Session 1 – To start off with, Paula was given an explanation of the ‘purpose-driven career’ model to provide her with an overview and understanding of the career exploration process. The remainder of the first session was a structured discussion exploring factors that influenced her career decisions up to that point. This was important in identifying an issue that was impeding her decision-making, namely, significant loss of self-confidence following the cultural shock of moving to NZ from the UK. We also identified influential events and responsibilities, core beliefs, and values in her life. Paula was given a Myers-Briggs personality assessment and the Career motivators assessment to complete at home before the next session a week later.

Session 2 – The second session began by going over the results of the Career motivators assessment which highlighted that ‘relationship building’ and ‘helping others directly’ gave her a strong sense of purpose. We then looked at the Myers-Briggs assessment and saw how her personality affects career decisions – this also directed us to occupation tables that highlighted some specific occupation possibilities for her. Paula was given information about each of the occupations she identified and was instructed on how to comprehensively research occupations. She was tasked with finding out specific details about Human Resource managers, Health Promoters and Interior Decorators. She was also given a Work-interests inventory to complete at home.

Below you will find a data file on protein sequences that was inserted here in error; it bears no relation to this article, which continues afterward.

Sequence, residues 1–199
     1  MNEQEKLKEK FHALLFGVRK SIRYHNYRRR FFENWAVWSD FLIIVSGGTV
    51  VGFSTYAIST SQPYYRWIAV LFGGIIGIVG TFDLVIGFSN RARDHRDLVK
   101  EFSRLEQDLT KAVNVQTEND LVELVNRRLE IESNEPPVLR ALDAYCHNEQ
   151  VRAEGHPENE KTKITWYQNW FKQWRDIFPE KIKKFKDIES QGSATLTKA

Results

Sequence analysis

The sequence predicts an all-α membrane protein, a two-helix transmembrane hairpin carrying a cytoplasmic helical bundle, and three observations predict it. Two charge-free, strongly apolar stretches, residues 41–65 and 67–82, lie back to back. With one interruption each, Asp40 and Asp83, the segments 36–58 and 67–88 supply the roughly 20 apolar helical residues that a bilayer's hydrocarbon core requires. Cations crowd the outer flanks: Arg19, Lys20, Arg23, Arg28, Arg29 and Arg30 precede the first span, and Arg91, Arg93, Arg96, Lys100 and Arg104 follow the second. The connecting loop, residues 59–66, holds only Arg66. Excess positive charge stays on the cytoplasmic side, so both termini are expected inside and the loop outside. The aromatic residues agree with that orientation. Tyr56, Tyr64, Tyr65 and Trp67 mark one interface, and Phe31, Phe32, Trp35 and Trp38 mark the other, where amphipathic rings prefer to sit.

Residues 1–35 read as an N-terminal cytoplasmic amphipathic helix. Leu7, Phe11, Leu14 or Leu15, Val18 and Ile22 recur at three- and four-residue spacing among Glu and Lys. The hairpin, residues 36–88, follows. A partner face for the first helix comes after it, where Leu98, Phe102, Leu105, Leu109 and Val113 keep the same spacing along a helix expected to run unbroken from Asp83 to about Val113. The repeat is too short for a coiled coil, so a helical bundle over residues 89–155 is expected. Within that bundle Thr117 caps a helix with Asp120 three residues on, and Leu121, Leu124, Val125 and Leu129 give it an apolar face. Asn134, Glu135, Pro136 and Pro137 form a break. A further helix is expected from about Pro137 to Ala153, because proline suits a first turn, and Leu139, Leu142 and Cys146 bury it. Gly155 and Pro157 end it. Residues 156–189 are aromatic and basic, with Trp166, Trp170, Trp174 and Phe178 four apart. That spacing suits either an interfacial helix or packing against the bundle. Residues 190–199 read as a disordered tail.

Session 3 – In session 3, Paula arrived quite excited about Health Promotion as an occupation, having uncovered a lot of appealing aspects about this area. However, she was still not sure whether it was the best choice for her and agreed to examine this and other options more closely. A preferred skills assessment identified what skills she was good at and enjoyed using and informed us of the skills she should avoid having to use. In the last part of the session, the Work-interests inventory results allowed us to identify some further occupations for her to consider and gave us an understanding of the types of work environments that she would find most interesting.

Session 4 – The ‘purpose-driven career’ model enables the use of a Career Matrix, an in-session exercise that brings together all the information gathered from the previous sessions. The Career Matrix is extremely useful in understanding the strengths and weaknesses of each career option and summarises important aspects of your career decision. Paula completed the matrix and the resultant calculation confirmed that Health Promotion would fulfil her career needs significantly more compared to her current job and the other alternatives. Just as importantly, the matrix showed us why it was a better option based on fulfilling particular needs and values. Finally, career action plans ‘A’ and ‘B’ were generated with short-term, medium-term and long-term goals. Paula was also given information about academic courses that would help her to become a Health Promoter. She was also advised about the NZ health industry and how best to develop job opportunities in that area.

A few weeks later, Paula had enrolled herself for the next intake to study a diploma in health promotion, arranged an internship with Diabetes NZ, and began discussions with her employer about part-time work.

NOTE: Paula chose to attend four 1 hour sessions over 4 weeks – the choice between 1 or 2 hour sessions depends on your personal preference – 2 hours is the most time-effective but can be over-tiring for some.